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New initiative aims to improve south Wales schools

16/08/2013 Kelly
Two south Wales local authorities have unveiled plans to work together to help staff in education jobs in raising attainment in their schools.

On Tuesday, August 20th, Swansea Council's cabinet will be asked to approve proposals for establishing a new School Improvement Service (SIS) in tandem with Neath Port Talbot Council.

This programme is designed to improve reading, writing and maths skills among pupils, with a particular focus on reducing the achievement gap between children from deprived backgrounds and their peers.

It will also target help at schools deemed in need of improvement, with a view to raising teaching and learning standards, as well as enhancing school leadership and management.

Should both councils back the proposals, the SIS could be implemented within 12 months, building on an improvement programme already taking place at a regional level with Carmarthenshire, Pembrokeshire, Ceredigion and Powys.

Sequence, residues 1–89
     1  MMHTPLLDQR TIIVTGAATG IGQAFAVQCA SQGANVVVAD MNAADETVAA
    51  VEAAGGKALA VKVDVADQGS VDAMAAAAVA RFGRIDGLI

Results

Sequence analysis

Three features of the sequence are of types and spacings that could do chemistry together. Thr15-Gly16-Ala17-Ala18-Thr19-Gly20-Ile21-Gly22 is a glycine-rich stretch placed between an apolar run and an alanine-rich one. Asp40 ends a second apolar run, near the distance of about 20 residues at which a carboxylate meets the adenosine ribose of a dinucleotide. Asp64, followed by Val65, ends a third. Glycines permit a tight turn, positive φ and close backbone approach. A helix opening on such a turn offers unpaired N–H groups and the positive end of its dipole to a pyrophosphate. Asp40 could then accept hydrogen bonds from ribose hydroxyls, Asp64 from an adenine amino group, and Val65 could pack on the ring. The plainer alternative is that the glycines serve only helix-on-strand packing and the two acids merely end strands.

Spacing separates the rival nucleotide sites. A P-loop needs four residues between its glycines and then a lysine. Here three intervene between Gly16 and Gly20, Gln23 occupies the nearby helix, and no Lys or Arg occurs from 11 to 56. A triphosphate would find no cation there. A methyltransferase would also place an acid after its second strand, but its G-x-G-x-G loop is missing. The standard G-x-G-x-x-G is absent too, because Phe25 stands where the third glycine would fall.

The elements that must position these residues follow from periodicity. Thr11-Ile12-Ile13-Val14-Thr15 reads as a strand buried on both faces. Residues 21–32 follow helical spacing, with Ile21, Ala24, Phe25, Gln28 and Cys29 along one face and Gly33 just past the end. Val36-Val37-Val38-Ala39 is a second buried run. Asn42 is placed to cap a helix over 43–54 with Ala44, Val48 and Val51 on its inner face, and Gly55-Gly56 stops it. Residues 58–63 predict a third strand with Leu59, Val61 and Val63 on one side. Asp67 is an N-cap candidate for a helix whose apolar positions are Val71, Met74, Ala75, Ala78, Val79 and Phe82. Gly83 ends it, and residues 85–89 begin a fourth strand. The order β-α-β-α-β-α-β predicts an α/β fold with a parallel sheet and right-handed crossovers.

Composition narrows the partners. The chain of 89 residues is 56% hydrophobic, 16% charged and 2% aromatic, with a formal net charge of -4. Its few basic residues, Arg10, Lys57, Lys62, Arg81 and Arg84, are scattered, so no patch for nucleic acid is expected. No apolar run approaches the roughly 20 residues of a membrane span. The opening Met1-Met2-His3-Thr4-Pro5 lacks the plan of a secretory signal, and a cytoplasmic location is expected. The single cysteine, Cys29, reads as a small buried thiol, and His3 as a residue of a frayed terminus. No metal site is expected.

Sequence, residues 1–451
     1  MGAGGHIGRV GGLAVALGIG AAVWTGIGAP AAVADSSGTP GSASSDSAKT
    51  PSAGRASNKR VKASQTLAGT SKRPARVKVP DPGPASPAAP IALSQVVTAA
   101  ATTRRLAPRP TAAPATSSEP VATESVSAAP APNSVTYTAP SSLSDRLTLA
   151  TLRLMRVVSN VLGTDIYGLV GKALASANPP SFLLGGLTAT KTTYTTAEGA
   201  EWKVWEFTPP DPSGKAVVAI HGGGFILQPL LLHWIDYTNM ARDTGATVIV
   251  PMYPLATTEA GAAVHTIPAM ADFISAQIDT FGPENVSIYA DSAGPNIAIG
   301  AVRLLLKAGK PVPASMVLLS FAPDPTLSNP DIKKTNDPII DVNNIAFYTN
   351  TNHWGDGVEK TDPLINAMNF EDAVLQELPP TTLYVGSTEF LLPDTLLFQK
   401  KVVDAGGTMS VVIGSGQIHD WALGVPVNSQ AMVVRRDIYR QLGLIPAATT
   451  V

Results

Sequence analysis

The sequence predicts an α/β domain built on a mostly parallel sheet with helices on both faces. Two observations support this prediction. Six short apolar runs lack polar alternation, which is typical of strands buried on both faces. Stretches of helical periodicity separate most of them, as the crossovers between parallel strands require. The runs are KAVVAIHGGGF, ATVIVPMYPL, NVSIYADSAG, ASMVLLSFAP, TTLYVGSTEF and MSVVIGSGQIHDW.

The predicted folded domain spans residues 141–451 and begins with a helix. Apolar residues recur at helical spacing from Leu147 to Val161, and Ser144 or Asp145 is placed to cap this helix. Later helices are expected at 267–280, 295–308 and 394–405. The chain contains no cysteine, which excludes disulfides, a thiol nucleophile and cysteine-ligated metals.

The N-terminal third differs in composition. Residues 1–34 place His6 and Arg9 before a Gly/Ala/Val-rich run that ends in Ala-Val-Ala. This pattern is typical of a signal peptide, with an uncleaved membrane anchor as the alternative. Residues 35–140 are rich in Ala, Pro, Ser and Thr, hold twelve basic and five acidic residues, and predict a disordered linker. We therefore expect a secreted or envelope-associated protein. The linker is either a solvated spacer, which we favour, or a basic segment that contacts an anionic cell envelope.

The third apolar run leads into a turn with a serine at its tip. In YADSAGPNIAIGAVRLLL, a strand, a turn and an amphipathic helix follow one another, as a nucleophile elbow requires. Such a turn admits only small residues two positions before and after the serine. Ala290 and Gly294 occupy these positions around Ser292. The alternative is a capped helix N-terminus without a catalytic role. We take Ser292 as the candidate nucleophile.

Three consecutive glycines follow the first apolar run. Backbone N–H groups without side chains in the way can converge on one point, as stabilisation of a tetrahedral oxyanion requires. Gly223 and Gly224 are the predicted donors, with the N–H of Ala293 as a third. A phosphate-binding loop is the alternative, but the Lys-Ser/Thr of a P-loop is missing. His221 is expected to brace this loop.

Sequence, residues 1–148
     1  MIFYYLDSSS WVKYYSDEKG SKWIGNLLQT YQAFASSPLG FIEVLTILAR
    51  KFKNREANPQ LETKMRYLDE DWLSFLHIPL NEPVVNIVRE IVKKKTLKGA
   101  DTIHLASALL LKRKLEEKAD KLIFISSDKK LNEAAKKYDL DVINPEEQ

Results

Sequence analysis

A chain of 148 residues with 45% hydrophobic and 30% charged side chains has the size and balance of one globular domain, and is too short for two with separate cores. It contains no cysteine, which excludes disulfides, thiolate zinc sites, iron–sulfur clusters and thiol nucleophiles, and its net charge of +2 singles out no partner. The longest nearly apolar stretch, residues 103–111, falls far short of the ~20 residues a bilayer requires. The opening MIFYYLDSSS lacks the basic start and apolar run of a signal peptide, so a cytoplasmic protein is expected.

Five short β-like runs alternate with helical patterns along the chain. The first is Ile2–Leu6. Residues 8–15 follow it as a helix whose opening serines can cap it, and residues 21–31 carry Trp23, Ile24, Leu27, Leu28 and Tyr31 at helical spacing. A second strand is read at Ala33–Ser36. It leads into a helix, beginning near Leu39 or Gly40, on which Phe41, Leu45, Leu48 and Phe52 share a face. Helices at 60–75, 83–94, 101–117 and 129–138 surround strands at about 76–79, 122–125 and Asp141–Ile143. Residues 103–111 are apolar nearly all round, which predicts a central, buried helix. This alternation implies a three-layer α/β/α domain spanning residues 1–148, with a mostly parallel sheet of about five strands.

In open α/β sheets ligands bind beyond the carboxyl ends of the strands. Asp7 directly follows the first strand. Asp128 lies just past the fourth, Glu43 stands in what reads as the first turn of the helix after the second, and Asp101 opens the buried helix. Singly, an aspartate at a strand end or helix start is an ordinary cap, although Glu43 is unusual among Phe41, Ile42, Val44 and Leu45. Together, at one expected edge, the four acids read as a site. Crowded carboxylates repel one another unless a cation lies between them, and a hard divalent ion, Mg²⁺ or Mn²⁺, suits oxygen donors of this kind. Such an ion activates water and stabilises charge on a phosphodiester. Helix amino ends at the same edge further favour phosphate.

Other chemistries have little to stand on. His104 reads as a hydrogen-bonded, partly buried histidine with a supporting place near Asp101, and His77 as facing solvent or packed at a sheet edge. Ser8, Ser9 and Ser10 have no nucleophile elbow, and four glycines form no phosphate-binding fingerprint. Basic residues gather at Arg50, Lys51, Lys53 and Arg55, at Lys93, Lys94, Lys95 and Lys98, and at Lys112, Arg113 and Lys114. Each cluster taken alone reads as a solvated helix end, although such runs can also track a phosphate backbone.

Councillor Will Evans, Swansea's cabinet member for education, explained: "The idea behind the service is to bring together the best ideas and expertise and use common resources to improve the performance of struggling schools and make sure pupils are getting the support they need."

He said efforts had already been made to raise attainment in Swansea, with the result that exam performance is improving and less than one per cent of pupils in the area left school without any qualifications last year.

The council has also introduced a number of literacy initiatives to bolster reading skills among very young children, to ensure they are well prepared for starting school.

Swansea and Neath Port Talbot are also among eight local authority areas to benefit from a £1.2 million Welsh government package announced in June to help pupils from the country's most deprived communities fare better at school.

Official figures show the gap in performance between pupils eligible for free school meals and other children has shrunk in Wales at key stages two and three over the past six years.

At key stage four, the disparity between deprived and non-deprived children's performance had been widening up to 2010, but has since also begun to get smaller.

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